Enzymes react with substrates to give products
A substrate is a molecule upon which an enzyme acts. Enzymes catalyze chemical reactions involving the substrate. In the case of a single substrate, the substrate binds with the enzyme active site, and an enzyme-substrate complex is formed.
Enzymes make possible all the biochemical reactions proceed at very high rates even under mild conditions of temperature and pH characteristic of living organism. To effect biochemical reactions, very powerful catalysts are needed. These essential biological catalysts are collectively known as enzymes. Without them, the living process would be too slow to sustain life. In fact, the human body would not exist without enzymes because the chemical reactions required to maintain the body simply would not occur fast enough.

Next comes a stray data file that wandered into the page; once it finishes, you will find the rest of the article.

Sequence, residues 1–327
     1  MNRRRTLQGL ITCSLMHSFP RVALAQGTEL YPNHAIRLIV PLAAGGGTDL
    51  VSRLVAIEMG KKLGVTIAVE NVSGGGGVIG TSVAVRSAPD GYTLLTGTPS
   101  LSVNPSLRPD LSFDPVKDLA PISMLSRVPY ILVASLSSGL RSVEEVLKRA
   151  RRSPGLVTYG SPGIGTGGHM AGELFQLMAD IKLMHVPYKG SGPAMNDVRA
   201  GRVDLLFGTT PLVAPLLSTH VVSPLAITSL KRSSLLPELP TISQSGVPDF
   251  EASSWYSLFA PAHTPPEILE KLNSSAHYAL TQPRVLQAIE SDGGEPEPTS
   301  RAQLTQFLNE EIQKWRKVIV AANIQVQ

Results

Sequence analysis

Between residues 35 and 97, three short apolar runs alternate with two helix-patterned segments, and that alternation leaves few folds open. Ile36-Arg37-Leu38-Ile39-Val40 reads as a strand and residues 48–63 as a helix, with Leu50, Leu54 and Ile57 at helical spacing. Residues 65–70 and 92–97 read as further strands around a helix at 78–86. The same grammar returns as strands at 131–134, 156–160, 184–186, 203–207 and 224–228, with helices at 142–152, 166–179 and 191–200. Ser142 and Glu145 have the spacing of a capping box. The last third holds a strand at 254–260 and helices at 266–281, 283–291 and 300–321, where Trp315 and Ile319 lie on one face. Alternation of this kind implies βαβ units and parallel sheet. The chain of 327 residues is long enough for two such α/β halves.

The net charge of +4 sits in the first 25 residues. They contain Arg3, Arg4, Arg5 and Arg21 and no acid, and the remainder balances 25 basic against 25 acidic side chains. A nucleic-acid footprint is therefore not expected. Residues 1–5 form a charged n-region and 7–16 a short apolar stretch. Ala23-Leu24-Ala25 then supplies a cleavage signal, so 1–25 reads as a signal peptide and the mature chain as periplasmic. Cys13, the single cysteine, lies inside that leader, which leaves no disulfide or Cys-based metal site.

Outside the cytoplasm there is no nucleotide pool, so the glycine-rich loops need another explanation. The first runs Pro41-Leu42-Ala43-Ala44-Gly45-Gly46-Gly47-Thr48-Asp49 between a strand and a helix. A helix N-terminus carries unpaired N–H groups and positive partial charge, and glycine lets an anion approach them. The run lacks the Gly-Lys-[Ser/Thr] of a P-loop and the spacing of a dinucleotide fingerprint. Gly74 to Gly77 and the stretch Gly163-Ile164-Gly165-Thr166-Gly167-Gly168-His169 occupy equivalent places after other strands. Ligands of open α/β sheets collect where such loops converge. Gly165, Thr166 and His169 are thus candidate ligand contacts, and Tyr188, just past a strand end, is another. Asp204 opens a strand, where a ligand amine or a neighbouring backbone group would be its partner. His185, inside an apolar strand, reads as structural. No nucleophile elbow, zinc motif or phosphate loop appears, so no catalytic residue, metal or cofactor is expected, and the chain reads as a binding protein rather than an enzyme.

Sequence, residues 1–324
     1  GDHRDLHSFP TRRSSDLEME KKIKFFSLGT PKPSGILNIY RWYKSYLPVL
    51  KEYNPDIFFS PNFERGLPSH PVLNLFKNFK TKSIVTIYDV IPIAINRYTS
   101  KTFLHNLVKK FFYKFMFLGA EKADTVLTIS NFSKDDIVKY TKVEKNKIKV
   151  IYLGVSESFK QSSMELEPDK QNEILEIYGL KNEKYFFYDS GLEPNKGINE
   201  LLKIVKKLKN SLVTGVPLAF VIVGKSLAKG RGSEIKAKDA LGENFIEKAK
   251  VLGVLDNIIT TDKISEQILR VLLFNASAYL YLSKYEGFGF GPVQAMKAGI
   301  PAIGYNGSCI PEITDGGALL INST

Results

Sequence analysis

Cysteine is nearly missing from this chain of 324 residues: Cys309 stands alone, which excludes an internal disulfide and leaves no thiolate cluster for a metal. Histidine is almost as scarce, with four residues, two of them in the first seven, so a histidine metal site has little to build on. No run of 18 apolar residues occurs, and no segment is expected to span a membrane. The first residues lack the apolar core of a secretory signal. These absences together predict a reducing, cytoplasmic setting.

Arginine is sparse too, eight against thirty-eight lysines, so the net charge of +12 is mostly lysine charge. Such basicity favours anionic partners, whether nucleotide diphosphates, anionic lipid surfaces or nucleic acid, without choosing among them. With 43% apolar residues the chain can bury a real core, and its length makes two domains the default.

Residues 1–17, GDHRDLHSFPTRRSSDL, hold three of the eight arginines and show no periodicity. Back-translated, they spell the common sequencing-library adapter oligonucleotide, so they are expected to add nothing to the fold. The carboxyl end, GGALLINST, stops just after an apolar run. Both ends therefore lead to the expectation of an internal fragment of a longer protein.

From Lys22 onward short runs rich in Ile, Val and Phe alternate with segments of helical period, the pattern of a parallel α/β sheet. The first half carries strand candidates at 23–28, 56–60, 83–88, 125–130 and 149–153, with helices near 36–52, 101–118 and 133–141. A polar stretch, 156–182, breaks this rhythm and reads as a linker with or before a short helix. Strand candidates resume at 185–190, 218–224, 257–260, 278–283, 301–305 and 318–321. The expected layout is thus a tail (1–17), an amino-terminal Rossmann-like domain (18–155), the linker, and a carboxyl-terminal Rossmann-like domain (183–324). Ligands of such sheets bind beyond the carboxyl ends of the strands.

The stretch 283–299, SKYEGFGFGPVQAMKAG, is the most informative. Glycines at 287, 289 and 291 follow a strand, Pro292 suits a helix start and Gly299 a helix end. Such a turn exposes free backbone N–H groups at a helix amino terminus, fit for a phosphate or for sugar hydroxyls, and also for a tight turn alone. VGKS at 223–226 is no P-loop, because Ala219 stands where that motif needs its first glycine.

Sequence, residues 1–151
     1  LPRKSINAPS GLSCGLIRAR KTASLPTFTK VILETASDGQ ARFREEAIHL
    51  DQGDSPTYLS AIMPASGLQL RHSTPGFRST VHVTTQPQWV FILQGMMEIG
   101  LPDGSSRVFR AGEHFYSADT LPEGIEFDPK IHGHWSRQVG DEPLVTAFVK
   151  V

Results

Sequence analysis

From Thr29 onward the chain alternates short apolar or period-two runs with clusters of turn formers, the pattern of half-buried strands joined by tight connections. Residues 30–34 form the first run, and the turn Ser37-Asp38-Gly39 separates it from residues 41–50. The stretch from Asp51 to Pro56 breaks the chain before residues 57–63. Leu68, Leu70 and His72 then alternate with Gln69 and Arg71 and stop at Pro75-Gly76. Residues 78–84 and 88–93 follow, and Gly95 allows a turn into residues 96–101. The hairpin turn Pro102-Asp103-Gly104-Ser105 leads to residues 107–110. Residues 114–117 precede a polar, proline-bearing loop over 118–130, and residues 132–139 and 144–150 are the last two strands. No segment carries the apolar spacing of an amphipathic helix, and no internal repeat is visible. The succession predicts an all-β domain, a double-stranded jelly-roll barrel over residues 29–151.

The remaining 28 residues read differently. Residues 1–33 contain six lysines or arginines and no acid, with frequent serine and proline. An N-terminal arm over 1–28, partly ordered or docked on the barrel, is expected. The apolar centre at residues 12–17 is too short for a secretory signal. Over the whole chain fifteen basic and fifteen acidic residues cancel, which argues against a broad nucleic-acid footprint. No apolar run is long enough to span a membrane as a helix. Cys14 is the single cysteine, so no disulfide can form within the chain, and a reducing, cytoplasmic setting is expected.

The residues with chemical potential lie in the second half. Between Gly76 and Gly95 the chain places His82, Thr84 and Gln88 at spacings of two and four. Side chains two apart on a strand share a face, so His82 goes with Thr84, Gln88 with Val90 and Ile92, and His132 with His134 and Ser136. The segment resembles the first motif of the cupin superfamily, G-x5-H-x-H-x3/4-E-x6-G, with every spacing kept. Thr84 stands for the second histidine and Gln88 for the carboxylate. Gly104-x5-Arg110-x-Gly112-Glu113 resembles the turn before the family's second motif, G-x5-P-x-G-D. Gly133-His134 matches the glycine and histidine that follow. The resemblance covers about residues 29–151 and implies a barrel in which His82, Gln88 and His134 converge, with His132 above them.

For example, just think about the juice you drank few moments ago before reading the magazine. The sugar in the juice was converted to CO2, H2O, and chemical energy within seconds of being absorbed by our cells, and this chemical energy enabled us to see, think, and move. However, the 2.2-kilogram (5-pound) bag of sugar in our kitchen cabinet can sit for years and still not be converted to CO2 and H2O. Thus, the human body speeds the overall reaction through a series of enzyme-mediated steps. The key is in the catalytic power of enzymes to drive reactions on a time scale required to digest food, relay signals via the nervous system, and contract muscles. To date, more than 3000 enzymes have been identified and they constitute the largest and most highly specialized class of proteins.